One aspect of Launay’s working methods that has remained the same over three decades is that he likes to get his sounds right at source. “Most of getting the character in the sound is done with real-world, analogue, equipment, and the problem-solving—ie editing, getting rid of annoying frequencies, noise gating, etc—I now do in Pro Tools. At La Fabrique most of what I did was about capturing things, and in Warren’s case, because I never know what he’s going to play, I took feeds from absolutely everything. I had DI’s from before and after the pedals, even though we rarely used the DI signals in the mix. They were more for backup, and if we did use them, I’d usually send them out through an amp again. I always had two mics on his amps, usually a BeyerDynamic M88 as a close mic, and a tube mic further away, like a Neumann CMV lollipop mic, both of which went through a Neve 1081 mic pre, two 1176’s, and then into Pro Tools. He plays violin and viola, and although these go through an amp, I also mic’ed these acoustically, with a Bock 507 going through a Urei 1176. The Bock microphones are handmade by David Bock from vintage microphones, and have the same capsules, and sound even better than the original. I recorded Warren’s flute with the same mic, or maybe a AKG C12.”
“I recorded Nick’s vocals with a Neumann M49, going into a Neve 1081 and then a Tube Tech CL1B, and then to Pro Tools. All the vocals on this album were original takes done with the band, and were not overdubs, apart from a couple of songs in which Nick overdubbed some parts of his vocal because he’d changed the lyrics. With the Bad Seeds many decisions about what take to use are based on the vocal performance. Because Nick usually plays piano while he sings, I had to find ways to isolate the two. For this I use a microphone that fits into the piano with the lid down, the AKG C12B, which looks a bit like a 414. I have two C12B’s and, with permission of the piano owner, I use two layers of gaffer tape to construct a suspension bridge over the metal piano frame, and tape the mics to that, so they are suspended over the strings. The lid stays down, and I very often seal the underside of the piano as well. The sound that I get in this way is very dead and close-sounding, but actually works surprisingly well. The piano mics go into the 1081’s, if I have enough of them, or API’s 550’s, and then to tape. With electric pianos, like the Wurlitzer or the Fender Rhodes, I’d have a DI and also a mic on the amp. Another keyboard that was often used during the sessions was the MicroKorg, which is almost like a toy keyboard, but it has some really cool sounds in it. We tended to put it through guitar pedals so the sounds aren’t so obvious. Wherever you hear a synthesizer on the album, it was a bastardized MicroKorg.”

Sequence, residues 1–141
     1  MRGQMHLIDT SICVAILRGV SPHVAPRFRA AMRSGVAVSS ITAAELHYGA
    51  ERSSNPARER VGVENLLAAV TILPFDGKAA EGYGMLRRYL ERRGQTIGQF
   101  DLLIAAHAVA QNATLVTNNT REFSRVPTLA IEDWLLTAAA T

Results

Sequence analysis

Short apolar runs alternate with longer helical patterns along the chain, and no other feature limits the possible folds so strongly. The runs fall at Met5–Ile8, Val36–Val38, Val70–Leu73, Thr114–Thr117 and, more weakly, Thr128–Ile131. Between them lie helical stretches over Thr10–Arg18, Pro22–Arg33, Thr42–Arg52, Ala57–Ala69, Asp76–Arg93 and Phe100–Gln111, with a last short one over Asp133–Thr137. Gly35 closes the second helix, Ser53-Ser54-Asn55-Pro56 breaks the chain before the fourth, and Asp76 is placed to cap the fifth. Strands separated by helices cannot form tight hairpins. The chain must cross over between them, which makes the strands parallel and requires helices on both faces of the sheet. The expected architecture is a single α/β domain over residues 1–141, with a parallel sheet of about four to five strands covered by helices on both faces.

“The bass went into an old 8×10 Ampeg SVT cabinet and then a DI going into a Drawmer 1960 compressor, and it was mic’ed up with a Sennheiser 412 as a close mic and a Shure SM57 as a more distant mic, which went through an 1176. The latter gives me a lot of grit for songs that need it. For the drums I usually had a BeyerDynamic M88 on the kick, and I EQ lots of low end into that. The snare had a Shure SM57 or a Unidyne 57, toms I recorded with AKG 414’s, overheads were Neumann KM84’s, hi-hats the Schoeps 402 pencil mic, all of them going into 1081’s, if I have enough. If not, I’ll always use 1081’s on the kick, snare and hi-hats, and will use whatever desk is available for the other mics, so in this case the Neve. I always had room mics at La Fabrique because everything is happening so quickly and they often started recording before I had even managed to set levels, so I had two Neumann U87’s as room mics, going into two API 550’s and then two 1176’s with minimal compression and a tube mic like a Bock or a C12 with lots of compression. With everything I recorded I always tried to catch things with two different mics, so I can later choose one or the other, or have a combination of the two, and then use the differences between the mics to play them off against each other, using phase reversal or in Pro Tools time shift. You can create many different sounds like that.”
The La Fabrique sessions began on June 24, 2012. While Cave & Co had booked three weeks, Launay related that the company essentially had finished their work after two weeks, and spent another week trying different things, only to realise that this deep down was for the most part an excuse to spend a few more days in the studio’s paradisiacal surroundings! On July 15th they packed up the gear that they had rented in the UK, loaded it in the truck and drove back north. According to Launay, everyone took a break for one and a half months, after which the Briton began to mix the record at Seedy Underbelly Studios in Los Angeles, a place that he rents from a friend for up to eight months a year. Seedy Underbelly is a tiny studio filled to the brim with Launay’s favourite gear, including a late 80s 32-channel API Legacy desk and Adam P22 monitors.